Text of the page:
For projects on federal lands that are not designated projects, before a federal authority or an airport authority may carry out the project or exercise any power or perform any duty or function that will permit the project to be carried out, the authority will have to be satisfied that carrying out the project is not likely to cause significant adverse environmental effects. This also applies if the Governor in Council has decided the project's significant adverse environmental effects are justified in the circumstances. This responsibility also applies to projects outside of Canada that are federally funded or for which the Government of Canada is the proponent.

What is examined during a federal environmental assessment?[edit]

The following factors must be considered:

  • environmental effects, including environmental effects caused by accidents and malfunctions, and cumulative environmental effects
  • significance of those environmental effects
  • public comments
  • mitigation measures and follow-up program requirements
  • purpose of the designated project
  • alternative means of carrying out the designated project
  • changes to the project caused by the environment
  • results of any relevant regional study
  • any other relevant matter

Types of environmental assessments[edit]

What are the types of environmental assessment under the Canadian Environmental Assessment Act, 2012? There are two types of environmental assessment conducted under the Canadian Environmental Assessment Act, 2012 (CEAA 2012):

  1. environmental assessment by a responsible authority,
  2. and environmental assessment by a review panel.

An environmental assessment by a responsible authority is conducted by the Agency, the National Energy Board or the Canadian Nuclear Safety Commission. Information on the process for environmental assessments conducted by the Agency is provided below. Information with respect to environmental assessments conducted by the National Energy Board or Canadian Nuclear Safety Commission may be found on their websites.

An environmental assessment by review panel is conducted by a panel of individuals appointed by the Minister of the Environment and supported by the Agency.

Both types of assessments can be conducted by the federal government alone or in cooperation with another jurisdiction, such as a province.

Timelines[edit]

Upon acceptance of a complete project description, the Agency has 45 calendar days, including a 20-day public comment period, to determine whether a federal environmental assessment is required.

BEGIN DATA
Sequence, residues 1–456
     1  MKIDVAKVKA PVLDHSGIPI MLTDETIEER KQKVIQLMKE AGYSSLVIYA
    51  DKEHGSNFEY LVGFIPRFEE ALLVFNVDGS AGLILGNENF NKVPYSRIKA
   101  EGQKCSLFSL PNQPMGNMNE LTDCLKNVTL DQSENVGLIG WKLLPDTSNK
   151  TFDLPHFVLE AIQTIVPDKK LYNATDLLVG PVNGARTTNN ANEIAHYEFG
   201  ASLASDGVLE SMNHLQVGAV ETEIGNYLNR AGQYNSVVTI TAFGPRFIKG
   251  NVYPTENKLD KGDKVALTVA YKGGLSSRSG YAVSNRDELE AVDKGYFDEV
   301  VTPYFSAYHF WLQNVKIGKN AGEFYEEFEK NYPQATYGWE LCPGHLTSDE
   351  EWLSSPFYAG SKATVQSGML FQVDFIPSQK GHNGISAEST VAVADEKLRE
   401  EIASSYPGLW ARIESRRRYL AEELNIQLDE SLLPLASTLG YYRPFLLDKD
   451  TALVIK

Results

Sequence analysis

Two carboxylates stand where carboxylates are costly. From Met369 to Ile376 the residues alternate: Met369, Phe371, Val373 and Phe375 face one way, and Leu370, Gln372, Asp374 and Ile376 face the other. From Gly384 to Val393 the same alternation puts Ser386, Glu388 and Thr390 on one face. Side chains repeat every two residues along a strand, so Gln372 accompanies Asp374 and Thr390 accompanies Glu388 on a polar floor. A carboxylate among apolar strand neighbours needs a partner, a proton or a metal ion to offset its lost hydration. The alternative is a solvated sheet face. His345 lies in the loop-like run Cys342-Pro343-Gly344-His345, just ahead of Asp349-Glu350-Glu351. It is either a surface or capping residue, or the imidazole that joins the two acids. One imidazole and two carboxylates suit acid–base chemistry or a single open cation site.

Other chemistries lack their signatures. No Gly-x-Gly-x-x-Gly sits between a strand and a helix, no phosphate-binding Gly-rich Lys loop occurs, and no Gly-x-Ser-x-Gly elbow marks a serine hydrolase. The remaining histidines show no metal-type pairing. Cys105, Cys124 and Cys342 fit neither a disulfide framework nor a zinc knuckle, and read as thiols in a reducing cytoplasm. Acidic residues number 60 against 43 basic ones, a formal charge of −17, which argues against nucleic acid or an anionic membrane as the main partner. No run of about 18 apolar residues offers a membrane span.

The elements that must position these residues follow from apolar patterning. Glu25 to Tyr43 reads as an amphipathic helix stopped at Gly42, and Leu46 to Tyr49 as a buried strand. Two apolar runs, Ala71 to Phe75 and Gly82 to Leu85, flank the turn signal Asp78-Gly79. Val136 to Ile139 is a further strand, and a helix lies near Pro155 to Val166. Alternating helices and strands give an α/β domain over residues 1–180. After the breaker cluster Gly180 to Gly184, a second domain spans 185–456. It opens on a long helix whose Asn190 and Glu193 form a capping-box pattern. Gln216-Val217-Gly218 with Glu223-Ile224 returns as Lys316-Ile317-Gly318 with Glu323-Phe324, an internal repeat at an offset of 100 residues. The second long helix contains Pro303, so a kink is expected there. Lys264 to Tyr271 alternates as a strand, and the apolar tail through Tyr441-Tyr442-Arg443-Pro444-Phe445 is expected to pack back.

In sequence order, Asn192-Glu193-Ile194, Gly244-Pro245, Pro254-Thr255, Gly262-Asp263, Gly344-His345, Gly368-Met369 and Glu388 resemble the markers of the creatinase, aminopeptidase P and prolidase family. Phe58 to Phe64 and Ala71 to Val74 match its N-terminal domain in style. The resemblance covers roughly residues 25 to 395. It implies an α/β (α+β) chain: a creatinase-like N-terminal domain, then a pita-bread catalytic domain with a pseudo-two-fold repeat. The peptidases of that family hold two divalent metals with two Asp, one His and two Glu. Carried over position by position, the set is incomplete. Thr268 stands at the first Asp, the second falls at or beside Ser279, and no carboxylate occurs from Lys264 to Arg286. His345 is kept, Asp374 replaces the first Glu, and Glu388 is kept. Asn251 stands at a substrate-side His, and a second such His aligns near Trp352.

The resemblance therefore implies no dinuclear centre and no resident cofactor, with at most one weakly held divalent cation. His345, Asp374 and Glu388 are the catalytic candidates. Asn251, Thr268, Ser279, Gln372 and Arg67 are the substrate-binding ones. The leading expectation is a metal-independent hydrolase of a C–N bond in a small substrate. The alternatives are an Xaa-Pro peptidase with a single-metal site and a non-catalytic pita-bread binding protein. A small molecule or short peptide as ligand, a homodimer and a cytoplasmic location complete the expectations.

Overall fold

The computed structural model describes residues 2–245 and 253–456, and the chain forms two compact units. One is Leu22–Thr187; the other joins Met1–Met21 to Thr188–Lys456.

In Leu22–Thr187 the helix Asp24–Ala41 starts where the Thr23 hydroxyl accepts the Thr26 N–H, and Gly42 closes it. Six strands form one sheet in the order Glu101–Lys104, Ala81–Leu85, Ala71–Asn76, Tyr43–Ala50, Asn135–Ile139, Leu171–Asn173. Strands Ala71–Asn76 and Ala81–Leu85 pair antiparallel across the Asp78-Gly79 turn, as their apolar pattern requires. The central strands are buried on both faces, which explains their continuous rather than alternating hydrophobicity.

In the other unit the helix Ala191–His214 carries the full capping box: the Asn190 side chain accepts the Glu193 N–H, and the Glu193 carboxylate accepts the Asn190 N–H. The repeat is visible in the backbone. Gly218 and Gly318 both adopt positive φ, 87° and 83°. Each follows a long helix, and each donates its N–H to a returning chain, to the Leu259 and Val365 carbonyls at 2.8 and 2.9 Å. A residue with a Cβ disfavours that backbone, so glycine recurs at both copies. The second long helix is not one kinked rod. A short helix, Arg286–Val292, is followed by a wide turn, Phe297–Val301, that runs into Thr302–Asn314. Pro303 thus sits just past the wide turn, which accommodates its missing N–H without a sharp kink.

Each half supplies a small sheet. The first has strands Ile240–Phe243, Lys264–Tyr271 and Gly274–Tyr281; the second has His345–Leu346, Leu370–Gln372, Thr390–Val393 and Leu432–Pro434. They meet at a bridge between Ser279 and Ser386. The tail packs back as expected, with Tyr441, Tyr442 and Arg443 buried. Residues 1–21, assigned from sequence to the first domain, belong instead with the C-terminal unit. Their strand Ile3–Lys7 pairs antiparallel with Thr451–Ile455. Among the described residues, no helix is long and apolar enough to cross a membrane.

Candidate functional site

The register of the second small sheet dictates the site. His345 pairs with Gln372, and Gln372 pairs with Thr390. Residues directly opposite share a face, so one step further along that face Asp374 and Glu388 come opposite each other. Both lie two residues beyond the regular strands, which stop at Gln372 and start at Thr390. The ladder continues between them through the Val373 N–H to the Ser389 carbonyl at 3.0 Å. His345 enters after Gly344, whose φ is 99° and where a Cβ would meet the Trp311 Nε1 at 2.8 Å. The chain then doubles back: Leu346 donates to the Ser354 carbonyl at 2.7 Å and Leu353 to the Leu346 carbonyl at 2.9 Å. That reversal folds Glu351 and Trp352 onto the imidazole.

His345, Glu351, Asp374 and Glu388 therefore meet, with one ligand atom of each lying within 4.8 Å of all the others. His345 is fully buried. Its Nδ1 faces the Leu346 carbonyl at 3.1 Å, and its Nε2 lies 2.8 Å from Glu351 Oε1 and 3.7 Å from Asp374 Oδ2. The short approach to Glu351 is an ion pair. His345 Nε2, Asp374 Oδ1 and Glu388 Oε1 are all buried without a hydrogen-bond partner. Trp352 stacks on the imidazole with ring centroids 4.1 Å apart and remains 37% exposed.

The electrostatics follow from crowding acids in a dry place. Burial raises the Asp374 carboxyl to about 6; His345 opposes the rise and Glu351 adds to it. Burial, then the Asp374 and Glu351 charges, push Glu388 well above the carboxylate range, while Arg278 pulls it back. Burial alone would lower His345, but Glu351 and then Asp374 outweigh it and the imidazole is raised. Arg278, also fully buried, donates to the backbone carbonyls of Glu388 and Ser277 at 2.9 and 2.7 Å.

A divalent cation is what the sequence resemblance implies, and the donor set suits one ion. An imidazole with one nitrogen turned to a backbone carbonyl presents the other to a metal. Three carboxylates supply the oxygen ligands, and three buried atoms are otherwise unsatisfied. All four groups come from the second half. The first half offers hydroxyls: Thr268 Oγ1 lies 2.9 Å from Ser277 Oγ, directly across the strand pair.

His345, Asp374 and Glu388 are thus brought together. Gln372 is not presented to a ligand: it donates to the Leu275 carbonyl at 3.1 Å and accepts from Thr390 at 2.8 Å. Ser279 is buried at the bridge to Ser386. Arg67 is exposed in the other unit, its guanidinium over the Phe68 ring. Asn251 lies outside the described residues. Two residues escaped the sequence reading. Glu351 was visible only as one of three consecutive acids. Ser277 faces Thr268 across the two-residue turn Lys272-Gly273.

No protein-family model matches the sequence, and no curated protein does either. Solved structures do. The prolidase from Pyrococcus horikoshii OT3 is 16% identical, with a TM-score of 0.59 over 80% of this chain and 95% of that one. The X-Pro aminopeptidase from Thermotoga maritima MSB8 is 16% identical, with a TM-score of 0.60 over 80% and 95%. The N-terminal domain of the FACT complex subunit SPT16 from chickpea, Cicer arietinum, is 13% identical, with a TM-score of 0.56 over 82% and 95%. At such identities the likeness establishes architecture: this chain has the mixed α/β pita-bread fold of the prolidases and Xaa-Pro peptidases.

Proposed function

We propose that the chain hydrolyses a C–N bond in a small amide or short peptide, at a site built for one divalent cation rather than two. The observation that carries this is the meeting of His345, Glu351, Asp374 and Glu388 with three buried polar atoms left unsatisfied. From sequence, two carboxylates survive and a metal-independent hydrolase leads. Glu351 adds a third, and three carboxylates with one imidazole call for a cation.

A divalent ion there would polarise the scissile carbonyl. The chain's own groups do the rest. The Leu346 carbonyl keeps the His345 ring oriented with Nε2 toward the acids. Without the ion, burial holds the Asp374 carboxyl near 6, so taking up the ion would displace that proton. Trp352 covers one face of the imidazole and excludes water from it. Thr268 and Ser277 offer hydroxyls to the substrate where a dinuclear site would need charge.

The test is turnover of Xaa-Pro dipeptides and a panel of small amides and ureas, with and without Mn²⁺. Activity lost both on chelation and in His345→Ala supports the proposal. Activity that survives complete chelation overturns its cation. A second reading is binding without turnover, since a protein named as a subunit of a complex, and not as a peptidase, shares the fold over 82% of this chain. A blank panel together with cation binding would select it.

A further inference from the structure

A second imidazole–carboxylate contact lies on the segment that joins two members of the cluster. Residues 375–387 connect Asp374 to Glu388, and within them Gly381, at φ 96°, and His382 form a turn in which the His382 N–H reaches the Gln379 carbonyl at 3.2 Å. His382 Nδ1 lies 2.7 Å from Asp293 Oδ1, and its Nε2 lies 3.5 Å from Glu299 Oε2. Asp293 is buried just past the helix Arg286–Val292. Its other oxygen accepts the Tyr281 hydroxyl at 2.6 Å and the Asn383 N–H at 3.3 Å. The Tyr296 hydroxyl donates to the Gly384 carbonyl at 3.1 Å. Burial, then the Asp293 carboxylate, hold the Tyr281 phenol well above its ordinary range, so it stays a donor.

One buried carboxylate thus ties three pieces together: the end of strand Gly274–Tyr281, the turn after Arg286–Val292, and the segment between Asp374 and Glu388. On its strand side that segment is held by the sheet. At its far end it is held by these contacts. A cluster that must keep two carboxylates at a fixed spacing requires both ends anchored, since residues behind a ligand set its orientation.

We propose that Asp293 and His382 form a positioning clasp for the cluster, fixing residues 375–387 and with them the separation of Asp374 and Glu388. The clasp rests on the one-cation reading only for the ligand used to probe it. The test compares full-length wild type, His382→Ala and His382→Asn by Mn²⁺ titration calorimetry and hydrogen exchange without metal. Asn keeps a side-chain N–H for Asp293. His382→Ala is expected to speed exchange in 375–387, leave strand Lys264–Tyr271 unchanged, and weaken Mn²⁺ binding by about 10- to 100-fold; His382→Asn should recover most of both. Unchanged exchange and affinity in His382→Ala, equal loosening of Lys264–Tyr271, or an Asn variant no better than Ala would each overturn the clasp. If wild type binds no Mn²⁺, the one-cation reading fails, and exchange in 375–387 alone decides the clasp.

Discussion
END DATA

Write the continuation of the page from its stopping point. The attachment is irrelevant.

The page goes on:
An environmental assessment conducted by the Agency must be completed within 365 days. This timeline starts when a notice of the commencement of the environmental assessment is posted on the Registry Internet site and ends when the Minister of the Environment makes a decision as to whether the designated project is likely to cause significant adverse environmental effects.

The Minister of the Environment may refer a project to a review panel within 60 days of the notice of commencement of an environmental assessment. An environmental assessment by a review panel needs to be completed within 24 months. This timeline starts when the proposed project is referred to a review panel and ends when the Minister of the Environment issues the environmental assessment decision statement.

Extensions[edit]

For every environmental assessment:

  • The Minister may extend the time limits by an additional three months, to facilitate cooperation with another jurisdiction or to take into account other circumstances specific to the project.
  • Upon recommendation of the Minister of the Environment, the Governor in Council may also extend the time limit (in addition to the three month extension granted by the Minister).
  • The period that is taken by the proponent to respond to a request from the Agency or a review panel (conduct studies, prepare environmental impact statement, collect further information, etc.), is not counted in the timelines.

References[edit]

  1. ^ "Canadian Environmental Assessment Act". Laws.justice.gc.ca. Retrieved 2012-10-19. 
  2. ^ "Canadian Environmental Assessment Act, 2012". Laws-lois.justice.gc.ca. Retrieved 2012-10-19. 
  3. ^ http://www.ceaa-acee.gc.ca/default.asp?lang=En&n=B053F859-1#ceaa01

External links[edit]